The new Russian Intellectual Property (IP) Court has officially opened its doors and begun hearing cases. The opening of this court represents a significant milestone in the advancement of intellectual property protection in Russia.
On July 2, 2013, the Plenum of the Supreme Commercial Court of the Russian Federation approved the commencement of the new IP Court. The IP Court is located in the center of Moscow (Mashkova St., 13), near the Supreme Commercial Court.
The IP Court is part of the larger system of arbitrazh or commercial courts and will perform many functions including: (1) reviewing decisions made by ROSPATENT (the Russian Federal Service for Intellectual Property), including patent and trademark grant and revocation cases first tried by the Chamber for Patent Disputes, an administrative body within ROSPATENT; (2) determining issues of IP ownership and authorship; (3) determining the cancellation of trademark registrations for non-use (among other things); and (4) acting as a cassation (second appeal) court for IP infringement cases decided in commercial courts of first instance and first appeal courts.
The IP Court is headed by Lyudmila A. Novoselova, an ex-judge of the Supreme Commercial Court. Ms. Novoselova was an unusual choice, as she was previously a corporate law specialist. In addition to Judge Novoselova, the IP Court consists of 12 other judges, several of whom have some IP experience or a technical background.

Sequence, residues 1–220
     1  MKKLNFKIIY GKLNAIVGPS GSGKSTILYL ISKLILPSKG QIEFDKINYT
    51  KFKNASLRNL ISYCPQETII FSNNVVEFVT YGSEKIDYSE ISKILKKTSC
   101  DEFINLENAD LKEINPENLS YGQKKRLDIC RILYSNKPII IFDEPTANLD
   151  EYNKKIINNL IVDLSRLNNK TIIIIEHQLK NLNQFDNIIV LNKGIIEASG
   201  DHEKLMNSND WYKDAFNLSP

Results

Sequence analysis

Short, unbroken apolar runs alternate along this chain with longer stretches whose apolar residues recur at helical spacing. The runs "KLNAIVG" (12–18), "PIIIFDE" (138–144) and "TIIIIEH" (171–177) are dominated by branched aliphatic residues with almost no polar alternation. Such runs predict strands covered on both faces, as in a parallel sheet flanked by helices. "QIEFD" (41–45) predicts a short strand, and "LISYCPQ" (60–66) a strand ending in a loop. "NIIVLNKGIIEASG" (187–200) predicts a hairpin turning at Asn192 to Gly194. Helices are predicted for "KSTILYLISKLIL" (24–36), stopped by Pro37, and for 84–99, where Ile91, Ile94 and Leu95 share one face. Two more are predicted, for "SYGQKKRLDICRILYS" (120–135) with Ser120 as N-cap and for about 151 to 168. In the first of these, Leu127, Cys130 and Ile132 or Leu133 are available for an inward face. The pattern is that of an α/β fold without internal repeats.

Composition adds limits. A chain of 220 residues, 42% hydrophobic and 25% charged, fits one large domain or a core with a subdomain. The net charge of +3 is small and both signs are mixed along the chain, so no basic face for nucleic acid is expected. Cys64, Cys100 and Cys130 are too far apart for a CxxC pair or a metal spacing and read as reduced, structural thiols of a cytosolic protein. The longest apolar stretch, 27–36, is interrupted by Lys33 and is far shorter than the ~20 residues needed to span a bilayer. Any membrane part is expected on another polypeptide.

The opening of this new specialized IP Court evidences the Russian Government’s commitment to IP protection and improved harmonization of its laws with those of other countries. In fact, over the last few years, Russia has been steadily fostering a more friendly and conducive environment for innovation and entrepreneurship. The creation of the IP Court follows the recent creation of the Skolkovo Foundation by former President Medvedev. The Skolkovo Foundation is the agency responsible for the Skolkovo Innovation Center, a giant government-funded technology and innovation hub that is located just outside of Moscow.
Finally, it is expected that the IP Court will play a significant role in helping to protect the IP rights of innovators and brand owners during the upcoming Sochi Olympics (the 22nd Winter Olympics) to be held in February 2014. Typically, at such events, there is a very significant need to enforce IP rights against ambush marketers, counterfeiters and parallel importers (although the right for parallel import is currently a hot topic in Russia). The new IP Court is expected to provide an efficient, reliable and transparent mechanism for combating any abuses of IP.
This article is a guest post from the Moscow office of the Gowlings law firm on the opening of the new Russian Intellectual Property Court.